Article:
Out of Darkness: Jack The Radio Finds the Light

In its sixth album, the longtime Raleigh roots-rock band fronted by George Hage explores a slick, optimistic sound.
by Josh Klahre | photography by Jillian Clark

When the pandemic forced a shutdown of many in-person businesses, George Hage had a unique dilemma: He had a full album’s worth of songs ready to go, but nowhere to record it. “Normally, I’d write a song and bring it to the studio for the band to work through and see where it led, but this time was different,” says Hage.

Hage is the lead man, guitarist and chief songwriter for Jack the Radio, a longtime Raleigh rock band known for its blues-tinged roots rock sound. So along with band members Danny Johnson (guitar, keyboard, lap steel, vocals), Dan Grinder (bass) and Kevin Rader (drums, vocals), he decided to get scrappy. “It was me recording a demo, sending it to the band and then getting their feedback separately,” he says. Under Lonely Light, the band’s 6th album and first release in over 4 years, was recorded, mixed, engineered and produced entirely by the band — a first for the group. The album drops June 21st.

Johnson “really went down the rabbit hole,” Hage says, leaning into his passion for the more technical side of music by becoming its de facto producer. For each song, the various band members would record their parts independently. Then they’d send them over to Johnson, who would put all the tracks together for the song. “Each of the parts had to be perfectly combined and tracked to create the effect that the band was all in the same room recording live,” says Hage. “It’s a massive undertaking for a non-professional producer.”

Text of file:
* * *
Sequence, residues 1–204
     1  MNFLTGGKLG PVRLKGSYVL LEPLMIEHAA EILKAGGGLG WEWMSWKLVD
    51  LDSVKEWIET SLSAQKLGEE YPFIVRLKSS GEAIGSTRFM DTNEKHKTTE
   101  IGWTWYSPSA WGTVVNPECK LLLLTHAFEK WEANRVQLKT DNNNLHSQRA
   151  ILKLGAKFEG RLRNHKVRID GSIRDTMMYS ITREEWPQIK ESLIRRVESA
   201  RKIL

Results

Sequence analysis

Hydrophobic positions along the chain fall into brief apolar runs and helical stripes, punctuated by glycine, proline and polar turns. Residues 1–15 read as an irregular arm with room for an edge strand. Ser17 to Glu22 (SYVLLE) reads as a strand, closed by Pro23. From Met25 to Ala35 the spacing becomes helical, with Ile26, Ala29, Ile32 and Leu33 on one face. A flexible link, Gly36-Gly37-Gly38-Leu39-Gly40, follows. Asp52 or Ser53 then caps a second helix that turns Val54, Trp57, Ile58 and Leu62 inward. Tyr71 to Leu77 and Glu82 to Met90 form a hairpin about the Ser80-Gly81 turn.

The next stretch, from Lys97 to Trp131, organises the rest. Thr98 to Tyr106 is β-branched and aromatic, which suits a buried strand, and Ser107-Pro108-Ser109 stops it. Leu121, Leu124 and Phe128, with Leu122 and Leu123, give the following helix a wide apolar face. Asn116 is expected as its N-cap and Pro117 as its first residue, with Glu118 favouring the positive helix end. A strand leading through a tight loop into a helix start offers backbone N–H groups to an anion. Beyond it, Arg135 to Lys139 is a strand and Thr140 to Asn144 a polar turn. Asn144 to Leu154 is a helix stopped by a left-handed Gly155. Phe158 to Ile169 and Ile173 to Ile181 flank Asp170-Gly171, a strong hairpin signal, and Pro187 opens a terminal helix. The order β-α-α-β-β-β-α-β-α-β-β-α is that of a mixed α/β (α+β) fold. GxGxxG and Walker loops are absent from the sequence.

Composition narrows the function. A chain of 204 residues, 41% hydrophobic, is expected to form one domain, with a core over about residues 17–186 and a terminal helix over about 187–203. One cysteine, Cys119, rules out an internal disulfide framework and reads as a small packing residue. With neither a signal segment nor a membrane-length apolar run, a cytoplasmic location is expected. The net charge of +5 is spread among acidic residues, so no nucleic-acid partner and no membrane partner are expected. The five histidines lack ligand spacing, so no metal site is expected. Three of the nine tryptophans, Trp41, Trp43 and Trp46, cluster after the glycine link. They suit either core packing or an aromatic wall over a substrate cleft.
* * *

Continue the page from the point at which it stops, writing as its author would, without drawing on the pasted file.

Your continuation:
But you’d never know it by the sound. Under Lonely Light keeps Jack the Radio’s folksy sensibilities, but layers in slick synth and guitar effects. “We wondered if we could actually pull it off and have it sound as good as their past records,” says Hage, “but I think we did it!”

One of the two singles released in the run-up to the full album premiere, “Fast Fun” gives us a different sound than what we typically hear from JTR. The track opens with a more modern and refined drum-synth-bass accompaniment, segueing into softer guitar riffs overlaid with effects. There’s way less fuzz and reverb than what the band normally offers — perhaps a signal of the band’s turning a new corner to a brighter path. The lyrics suggest that, too: “Life’s been heavy, now I’m ready for the heavy to be done.”

Coinciding with the album release, Jack the Radio will performing at The Pour House the evening of June 22, sharing the bill with another exciting new band on the scene, Fancy Gap, a project formed by the duo of singer/songwriter Stuart McLamb (The Love Language) and songwriter/producer Charles Crossingham. Local brewer Trophy’s celebrating the new album with a limited beer run, of Fast Fun Helles Lager. 

The original members of the band, Hage and Johnson, have been on the Raleigh music scene for over 20 years. And, like anyone who’s been in town for that long, they’ve witnessed massive change in that time. They’re proud to see how much Raleigh has come up, however they’re quick to point out some of the challenges that growth has brought on. “With all the buildings going up downtown, we’ve lost a lot of inexpensive rehearsal space,” Hage says. “This is a collective concern within the musician community.” He’s heartened to see some stakeholders in real estate development leaning in to consciously dedicate space for artists to create: “Hopefully we can figure that out.”

This article was originally published on waltermagazine.com on June 20, 2024.